US 7139703 B2
A method and apparatus estimate additive noise in a noisy signal using an iterative technique within a recursive framework. In particular, the noisy signal is divided into frames and the noise in each frame is determined based on the noise in another frame and the noise determined in a previous iteration for the current frame. In one particular embodiment, the noise found in a previous iteration for a frame is used to define an expansion point for a Taylor series approximation that is used to estimate the noise in the current frame. In one embodiment, noise estimation employs a recursive-Expectation-Maximization framework with a maximum likelihood (ML) criteria. In a further embodiment, noise estimation employs a recursive-Expectation-Maximization framework based on a MAP (maximum a posterior) criteria.
1. A method for estimating noise in a noisy signal, the method comprising:
dividing the noisy signal into frames;
determining a noise estimate for a first frame of the noisy signal;
determining a noise estimate for a second frame of the noisy signal based in part on the noise estimate for the first frame; and
using the noise estimate for the second frame and the noise estimate for the first frame to determine a second noise estimate for the second frame as a function of a maximum likelihood criteria.
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9. A computer-readable medium having computer-executable instructions for performing steps comprising:
dividing a noisy signal into frames;
iteratively estimating the noise in each frame such that in at least one iteration for a current frame the estimated noise is based on a noise estimate for at least one other frame and a noise estimate for the current frame produced in a previous iteration; and
using the noise estimate to reduce noise in the noisy signal.
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22. A method of estimating noise in a current frame of a noisy signal, the method comprising:
applying a previous estimate of the noise in the current frame to at least one function to generate an update value; and
adding the update value to an estimate of noise in a second frame of the noisy signal to produce an estimate of the noise in the current frame, wherein each estimate of noise is a function of a maximum likelihood criteria.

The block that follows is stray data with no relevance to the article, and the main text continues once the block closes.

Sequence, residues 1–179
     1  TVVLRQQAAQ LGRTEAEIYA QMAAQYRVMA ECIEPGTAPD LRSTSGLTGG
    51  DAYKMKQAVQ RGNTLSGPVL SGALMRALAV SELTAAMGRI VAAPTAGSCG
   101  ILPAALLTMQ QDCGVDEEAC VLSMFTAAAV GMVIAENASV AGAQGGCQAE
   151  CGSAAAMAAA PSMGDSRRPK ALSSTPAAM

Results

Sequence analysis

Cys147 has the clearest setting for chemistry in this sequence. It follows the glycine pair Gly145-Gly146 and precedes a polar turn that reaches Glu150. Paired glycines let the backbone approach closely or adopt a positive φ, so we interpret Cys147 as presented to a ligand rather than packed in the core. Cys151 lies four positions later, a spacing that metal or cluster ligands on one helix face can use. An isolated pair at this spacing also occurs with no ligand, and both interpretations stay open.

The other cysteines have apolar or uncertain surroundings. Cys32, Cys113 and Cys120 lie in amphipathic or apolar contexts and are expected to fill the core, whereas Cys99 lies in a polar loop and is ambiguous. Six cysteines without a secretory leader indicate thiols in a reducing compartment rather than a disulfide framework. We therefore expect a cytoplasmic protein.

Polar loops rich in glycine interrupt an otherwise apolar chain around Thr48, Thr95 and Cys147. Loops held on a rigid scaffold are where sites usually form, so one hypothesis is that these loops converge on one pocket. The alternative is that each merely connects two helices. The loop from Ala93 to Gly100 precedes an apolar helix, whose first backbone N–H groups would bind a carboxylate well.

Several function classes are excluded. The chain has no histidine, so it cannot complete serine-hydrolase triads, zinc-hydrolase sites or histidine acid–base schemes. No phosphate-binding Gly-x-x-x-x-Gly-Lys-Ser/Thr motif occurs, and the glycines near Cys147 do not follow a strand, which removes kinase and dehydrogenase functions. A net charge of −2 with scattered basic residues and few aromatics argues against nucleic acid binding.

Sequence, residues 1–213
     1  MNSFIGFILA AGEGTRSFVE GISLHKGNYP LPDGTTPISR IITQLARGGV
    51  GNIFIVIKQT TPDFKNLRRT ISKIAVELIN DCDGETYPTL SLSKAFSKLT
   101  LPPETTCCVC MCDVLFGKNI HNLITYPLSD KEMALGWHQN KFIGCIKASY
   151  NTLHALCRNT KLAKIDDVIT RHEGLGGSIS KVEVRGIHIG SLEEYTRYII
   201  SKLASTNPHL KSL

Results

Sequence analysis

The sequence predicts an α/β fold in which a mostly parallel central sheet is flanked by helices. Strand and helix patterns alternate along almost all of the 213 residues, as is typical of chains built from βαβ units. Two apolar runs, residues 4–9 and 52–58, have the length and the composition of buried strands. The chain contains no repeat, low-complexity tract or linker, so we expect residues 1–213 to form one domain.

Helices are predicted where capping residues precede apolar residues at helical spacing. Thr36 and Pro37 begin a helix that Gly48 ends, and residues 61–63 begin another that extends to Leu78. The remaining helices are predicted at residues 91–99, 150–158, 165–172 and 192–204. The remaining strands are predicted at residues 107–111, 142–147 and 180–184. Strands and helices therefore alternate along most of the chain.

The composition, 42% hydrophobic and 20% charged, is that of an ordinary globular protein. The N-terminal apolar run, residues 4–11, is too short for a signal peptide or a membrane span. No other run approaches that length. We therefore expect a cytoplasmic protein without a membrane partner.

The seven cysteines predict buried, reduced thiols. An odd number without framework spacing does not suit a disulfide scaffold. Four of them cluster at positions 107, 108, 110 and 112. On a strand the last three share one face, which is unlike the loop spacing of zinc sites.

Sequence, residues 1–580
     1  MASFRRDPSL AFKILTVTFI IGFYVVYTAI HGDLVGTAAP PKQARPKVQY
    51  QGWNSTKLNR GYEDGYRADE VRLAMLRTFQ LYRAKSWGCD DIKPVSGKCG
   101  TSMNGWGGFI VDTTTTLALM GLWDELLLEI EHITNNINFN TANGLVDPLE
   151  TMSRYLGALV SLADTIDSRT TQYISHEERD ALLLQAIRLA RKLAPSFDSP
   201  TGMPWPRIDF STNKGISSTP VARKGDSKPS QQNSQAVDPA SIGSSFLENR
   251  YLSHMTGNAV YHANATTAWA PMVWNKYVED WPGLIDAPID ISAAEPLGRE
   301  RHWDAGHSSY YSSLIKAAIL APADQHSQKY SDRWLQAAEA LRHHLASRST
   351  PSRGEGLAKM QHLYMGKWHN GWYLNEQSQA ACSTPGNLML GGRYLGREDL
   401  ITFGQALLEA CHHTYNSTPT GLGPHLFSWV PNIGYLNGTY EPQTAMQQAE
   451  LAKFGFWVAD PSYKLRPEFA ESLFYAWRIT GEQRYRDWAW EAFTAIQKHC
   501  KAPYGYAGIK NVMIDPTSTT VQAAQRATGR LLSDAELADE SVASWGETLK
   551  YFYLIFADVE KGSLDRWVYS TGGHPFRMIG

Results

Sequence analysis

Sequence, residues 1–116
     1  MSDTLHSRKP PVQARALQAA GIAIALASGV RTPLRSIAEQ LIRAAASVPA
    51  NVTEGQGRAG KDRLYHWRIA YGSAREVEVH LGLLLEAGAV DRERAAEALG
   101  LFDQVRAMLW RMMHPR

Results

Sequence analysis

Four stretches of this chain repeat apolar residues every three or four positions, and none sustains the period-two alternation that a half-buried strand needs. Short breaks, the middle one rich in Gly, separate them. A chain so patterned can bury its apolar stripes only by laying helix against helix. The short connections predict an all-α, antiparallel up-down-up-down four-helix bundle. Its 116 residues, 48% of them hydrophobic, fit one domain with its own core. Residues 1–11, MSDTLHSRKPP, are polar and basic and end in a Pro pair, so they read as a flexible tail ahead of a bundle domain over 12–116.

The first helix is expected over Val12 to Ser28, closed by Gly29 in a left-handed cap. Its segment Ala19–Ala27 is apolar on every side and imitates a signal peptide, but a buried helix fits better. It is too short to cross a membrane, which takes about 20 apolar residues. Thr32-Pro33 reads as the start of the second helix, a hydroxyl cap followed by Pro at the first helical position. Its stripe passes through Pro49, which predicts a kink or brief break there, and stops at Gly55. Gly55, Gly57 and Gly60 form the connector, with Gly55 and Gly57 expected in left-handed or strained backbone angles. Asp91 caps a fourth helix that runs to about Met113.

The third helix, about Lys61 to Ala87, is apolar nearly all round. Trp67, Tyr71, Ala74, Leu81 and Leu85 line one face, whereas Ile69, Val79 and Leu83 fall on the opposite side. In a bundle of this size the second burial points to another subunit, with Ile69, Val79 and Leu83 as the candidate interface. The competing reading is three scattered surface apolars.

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This application is a continuation-in-part of application Ser. No. 10/116,792, filed Apr. 5, 2002, now U.S. Pat. No. 6,644,590 the priority of which is hereby claimed.
The present invention relates to noise estimation. In particular, the present invention relates to estimating noise in signals used in pattern recognition.
A pattern recognition system, such as a speech recognition system, takes an input signal and attempts to decode the signal to find a pattern represented by the signal. For example, in a speech recognition system, a speech signal (often referred to as a test signal) is received by the recognition system and is decoded to identify a string of words represented by the speech signal.
Input signals are typically corrupted by some form of noise. To improve the performance of the pattern recognition system, it is often desirable to estimate the noise in the noisy signal.
In the past, two general frameworks have been used to estimate the noise in a signal. In one framework, batch algorithms are used that estimate the noise in each frame of the input signal independent of the noise found in other frames in the signal. The individual noise estimates are then averaged together to form a consensus noise value for all of the frames. In the second framework, a recursive algorithm is used that estimates the noise in the current frame based on noise estimates for one or more previous or successive frames. Such recursive techniques allow for the noise to change slowly over time.
In one recursive technique, a noisy signal is assumed to be a non-linear function of a clean signal and a noise signal. To aid in computation, this non-linear function is often approximated by a truncated Taylor series expansion, which is calculated about some expansion point. In general, the Taylor series expansion provides its best estimates of the function at the expansion point. Thus, the Taylor series approximation is only as good as the selection of the expansion point. Under the prior art, however, the expansion point for the Taylor series was not optimized for each frame. As a result, the noise estimate produced by the recursive algorithms has been less than ideal.
In light of this, a noise estimation technique is needed that is more effective at estimating noise in pattern signals.
A method and apparatus estimate additive noise in a noisy signal using an iterative technique within a recursive framework. In particular, the noisy signal is divided into frames and the noise in each frame is determined based on the noise in another frame and the noise determined in a previous iteration for the current frame. In one particular embodiment, the noise found in a previous iteration for a frame is used to define an expansion point for a Taylor series approximation that is used to estimate the noise in the current frame.